Quantum computing has the potential to revolutionize many fields, including cryptography. However, it is unlikely that quantum computing will completely kill cryptography as we know it.
Cryptography, at its core, is the practice of secure communication. It involves the use of mathematical algorithms to encode and decode messages in such a way that only the intended recipients can read them. These algorithms rely on the fact that certain mathematical problems are computationally difficult to solve, even with modern computers.
Quantum computers, on the other hand, are a new type of computer that uses quantum mechanical phenomena, such as superposition and entanglement, to perform calculations. They have the potential to solve certain problems much faster than classical computers, which could potentially make certain cryptographic algorithms vulnerable to attacks.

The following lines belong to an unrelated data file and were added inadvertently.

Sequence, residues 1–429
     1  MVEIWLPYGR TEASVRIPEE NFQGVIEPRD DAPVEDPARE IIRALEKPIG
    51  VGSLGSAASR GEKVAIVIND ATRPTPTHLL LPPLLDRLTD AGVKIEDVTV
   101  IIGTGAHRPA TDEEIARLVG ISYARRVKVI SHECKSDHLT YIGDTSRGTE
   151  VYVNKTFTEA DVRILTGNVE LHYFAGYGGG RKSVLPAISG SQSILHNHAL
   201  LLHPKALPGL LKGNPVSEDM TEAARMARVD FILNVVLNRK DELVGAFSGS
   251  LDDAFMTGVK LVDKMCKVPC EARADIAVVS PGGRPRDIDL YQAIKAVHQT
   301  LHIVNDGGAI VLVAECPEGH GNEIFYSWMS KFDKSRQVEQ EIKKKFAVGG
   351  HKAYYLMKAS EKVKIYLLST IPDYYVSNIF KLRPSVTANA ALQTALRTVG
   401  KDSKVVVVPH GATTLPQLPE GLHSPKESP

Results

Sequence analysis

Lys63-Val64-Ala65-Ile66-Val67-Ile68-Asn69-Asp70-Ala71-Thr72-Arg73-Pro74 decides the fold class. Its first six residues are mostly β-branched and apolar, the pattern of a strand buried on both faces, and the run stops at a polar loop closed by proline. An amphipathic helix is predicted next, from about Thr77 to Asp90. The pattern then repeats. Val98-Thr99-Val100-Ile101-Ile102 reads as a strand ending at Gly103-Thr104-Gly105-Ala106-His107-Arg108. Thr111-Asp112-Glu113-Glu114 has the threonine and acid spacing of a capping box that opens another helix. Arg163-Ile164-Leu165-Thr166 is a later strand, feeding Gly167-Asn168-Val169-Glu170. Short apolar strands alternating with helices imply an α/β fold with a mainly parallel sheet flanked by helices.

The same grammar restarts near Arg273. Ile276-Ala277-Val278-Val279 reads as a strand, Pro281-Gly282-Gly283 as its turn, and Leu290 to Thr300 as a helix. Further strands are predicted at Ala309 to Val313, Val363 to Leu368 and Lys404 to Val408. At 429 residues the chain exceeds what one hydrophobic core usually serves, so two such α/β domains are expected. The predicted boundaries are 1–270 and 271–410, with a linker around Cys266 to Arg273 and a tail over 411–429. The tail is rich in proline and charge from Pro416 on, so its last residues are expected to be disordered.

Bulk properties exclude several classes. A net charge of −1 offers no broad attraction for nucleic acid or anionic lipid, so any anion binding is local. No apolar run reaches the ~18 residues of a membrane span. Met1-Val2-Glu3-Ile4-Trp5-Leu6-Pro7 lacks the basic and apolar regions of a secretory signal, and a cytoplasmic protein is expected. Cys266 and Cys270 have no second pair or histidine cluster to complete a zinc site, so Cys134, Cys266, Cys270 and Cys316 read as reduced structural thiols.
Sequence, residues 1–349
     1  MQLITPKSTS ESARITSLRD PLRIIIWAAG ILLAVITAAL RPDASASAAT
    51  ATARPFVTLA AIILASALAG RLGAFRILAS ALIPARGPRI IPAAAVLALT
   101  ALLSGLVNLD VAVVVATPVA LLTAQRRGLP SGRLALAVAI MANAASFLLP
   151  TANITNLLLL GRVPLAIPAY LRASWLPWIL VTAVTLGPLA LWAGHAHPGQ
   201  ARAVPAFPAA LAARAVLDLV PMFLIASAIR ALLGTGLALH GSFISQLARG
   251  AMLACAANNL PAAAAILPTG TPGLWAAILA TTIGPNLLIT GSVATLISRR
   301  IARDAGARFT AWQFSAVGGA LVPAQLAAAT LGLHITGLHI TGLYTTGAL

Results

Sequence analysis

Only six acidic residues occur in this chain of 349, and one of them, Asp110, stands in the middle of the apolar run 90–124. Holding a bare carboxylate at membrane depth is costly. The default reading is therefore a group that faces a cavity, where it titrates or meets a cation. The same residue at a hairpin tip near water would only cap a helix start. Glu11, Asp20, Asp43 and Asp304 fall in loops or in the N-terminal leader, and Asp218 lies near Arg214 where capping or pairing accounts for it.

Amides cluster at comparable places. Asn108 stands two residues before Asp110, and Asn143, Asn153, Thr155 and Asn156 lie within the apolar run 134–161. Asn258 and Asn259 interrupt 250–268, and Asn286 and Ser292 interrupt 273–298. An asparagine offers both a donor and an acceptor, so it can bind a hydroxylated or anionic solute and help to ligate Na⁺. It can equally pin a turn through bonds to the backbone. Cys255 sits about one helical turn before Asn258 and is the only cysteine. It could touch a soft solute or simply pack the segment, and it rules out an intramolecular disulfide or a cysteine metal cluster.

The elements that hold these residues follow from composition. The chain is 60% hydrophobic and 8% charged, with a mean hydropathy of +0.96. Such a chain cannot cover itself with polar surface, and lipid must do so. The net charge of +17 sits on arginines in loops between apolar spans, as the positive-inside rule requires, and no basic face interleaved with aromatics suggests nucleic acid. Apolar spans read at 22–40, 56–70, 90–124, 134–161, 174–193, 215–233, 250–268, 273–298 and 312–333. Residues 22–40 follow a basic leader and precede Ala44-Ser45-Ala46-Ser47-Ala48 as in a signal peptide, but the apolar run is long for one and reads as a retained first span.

One such algorithm is the RSA algorithm, which is widely used for secure communication and is based on the difficulty of factoring large numbers. Quantum computers could potentially factorize these numbers much faster than classical computers, making RSA vulnerable to attacks.
However, it is important to note that quantum computers are still in the early stages of development and are not yet widely available. In addition, there are many other cryptographic algorithms that are not vulnerable to attacks by quantum computers, such as symmetric key algorithms like AES and hash functions like SHA-256.
Furthermore, the development of quantum-resistant cryptographic algorithms is an active area of research, and it is likely that new cryptographic methods will be developed to withstand attacks from quantum computers.
In summary, while quantum computers may pose a threat to certain cryptographic algorithms, it is unlikely that they will completely kill cryptography as we know it. The field of cryptography is constantly evolving and will likely continue to adapt and develop new methods to ensure secure communication in the face of new technological advances.